On Friday, December 22, 1775, the Continental Congress creates a Continental Navy, naming Esek Hopkins, Esq., as commander in chief of the fleet.
Congress also named four captains to the new service: Dudley Saltonstall, Abraham Whipple, Nicholas Biddle and John Burrows Hopkins. Their respective vessels, the Alfred, Columbus, Andrew Doria and Cabot, became the first ships of the Navy’s fleet. Five first lieutenants, including future American hero John Paul Jones, five second lieutenants, and three third lieutenants also received their commissions.
The new Admiral Hopkins, as he was dubbed by George Washington, was a Rhode Islander of some standing. His brother was Stephen Hopkins, the state’s governor. Esek Hopkins had married well and used his wife’s fortune to buy a ship. It proved a wise investment. He added to his wealth working as a privateer during the Seven Years’ War. In his new position, Congress promised to pay him 125 dollars per calendar month; they also informed that he could look forward to some share of the prizes allotted to the captors. Christopher Gadsden of South Carolina designed Hopkins’ personal standard, which flew from the first navy fleet. The yellow flag bore the image of a coiled snake and the Patriot motto, Don’t Tread on Me.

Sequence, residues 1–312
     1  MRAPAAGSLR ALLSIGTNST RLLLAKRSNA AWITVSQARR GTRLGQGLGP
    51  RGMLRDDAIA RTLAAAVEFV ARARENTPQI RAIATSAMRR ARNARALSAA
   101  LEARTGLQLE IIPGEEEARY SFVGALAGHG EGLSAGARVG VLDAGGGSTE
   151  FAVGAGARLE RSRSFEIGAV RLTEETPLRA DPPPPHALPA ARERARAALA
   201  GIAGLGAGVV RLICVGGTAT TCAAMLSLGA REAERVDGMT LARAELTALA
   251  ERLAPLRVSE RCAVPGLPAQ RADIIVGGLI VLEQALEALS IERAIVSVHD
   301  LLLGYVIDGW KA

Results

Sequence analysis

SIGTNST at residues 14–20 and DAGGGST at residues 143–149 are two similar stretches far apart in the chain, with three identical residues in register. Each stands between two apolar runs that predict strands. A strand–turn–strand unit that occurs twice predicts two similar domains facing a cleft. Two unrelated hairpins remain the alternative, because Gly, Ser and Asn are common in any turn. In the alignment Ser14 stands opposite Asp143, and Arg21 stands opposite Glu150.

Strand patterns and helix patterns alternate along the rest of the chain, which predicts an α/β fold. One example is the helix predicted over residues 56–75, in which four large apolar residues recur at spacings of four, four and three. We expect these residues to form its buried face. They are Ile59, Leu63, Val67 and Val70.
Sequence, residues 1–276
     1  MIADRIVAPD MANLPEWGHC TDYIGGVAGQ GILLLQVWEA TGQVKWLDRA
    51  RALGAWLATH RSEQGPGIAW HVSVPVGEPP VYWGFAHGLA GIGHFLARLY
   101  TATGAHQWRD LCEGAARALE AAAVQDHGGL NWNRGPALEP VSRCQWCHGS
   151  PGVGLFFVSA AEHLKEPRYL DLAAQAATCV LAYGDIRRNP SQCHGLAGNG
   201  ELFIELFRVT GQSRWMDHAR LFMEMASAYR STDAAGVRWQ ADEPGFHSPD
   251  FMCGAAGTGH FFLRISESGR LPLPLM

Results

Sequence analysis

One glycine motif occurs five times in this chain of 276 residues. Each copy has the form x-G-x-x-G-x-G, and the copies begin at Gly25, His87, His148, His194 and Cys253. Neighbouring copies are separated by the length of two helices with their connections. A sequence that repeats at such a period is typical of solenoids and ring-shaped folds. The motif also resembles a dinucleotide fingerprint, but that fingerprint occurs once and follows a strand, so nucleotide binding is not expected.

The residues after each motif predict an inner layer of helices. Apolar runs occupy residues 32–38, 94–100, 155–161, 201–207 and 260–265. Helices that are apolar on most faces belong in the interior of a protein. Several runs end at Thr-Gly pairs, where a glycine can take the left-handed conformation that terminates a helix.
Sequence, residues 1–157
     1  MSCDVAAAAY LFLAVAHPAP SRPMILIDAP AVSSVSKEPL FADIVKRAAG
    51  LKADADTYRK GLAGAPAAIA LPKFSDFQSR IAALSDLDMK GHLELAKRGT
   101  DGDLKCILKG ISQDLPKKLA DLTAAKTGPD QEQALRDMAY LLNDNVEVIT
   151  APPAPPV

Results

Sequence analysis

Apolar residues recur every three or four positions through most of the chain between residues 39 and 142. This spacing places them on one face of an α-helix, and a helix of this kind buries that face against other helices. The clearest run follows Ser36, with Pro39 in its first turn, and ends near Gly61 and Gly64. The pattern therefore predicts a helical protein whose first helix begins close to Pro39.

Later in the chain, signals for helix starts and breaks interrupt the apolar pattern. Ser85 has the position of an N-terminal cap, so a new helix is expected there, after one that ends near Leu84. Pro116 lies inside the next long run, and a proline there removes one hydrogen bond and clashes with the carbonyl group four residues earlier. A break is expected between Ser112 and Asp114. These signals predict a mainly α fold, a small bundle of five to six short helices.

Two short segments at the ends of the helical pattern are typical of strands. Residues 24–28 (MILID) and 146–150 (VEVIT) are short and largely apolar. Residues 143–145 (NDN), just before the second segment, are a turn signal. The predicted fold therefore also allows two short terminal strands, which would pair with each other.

Hopkins’ first assignment was to assess the feasibility of an attack on British naval forces in the Chesapeake Bay. After sailing south with his meager force of eight ships, Hopkins decided that victory in such an encounter was impossible. He sailed to the Bahamas instead, where he attacked the British port of Nassau, a decision for which he was relieved of his command upon returning to the continent.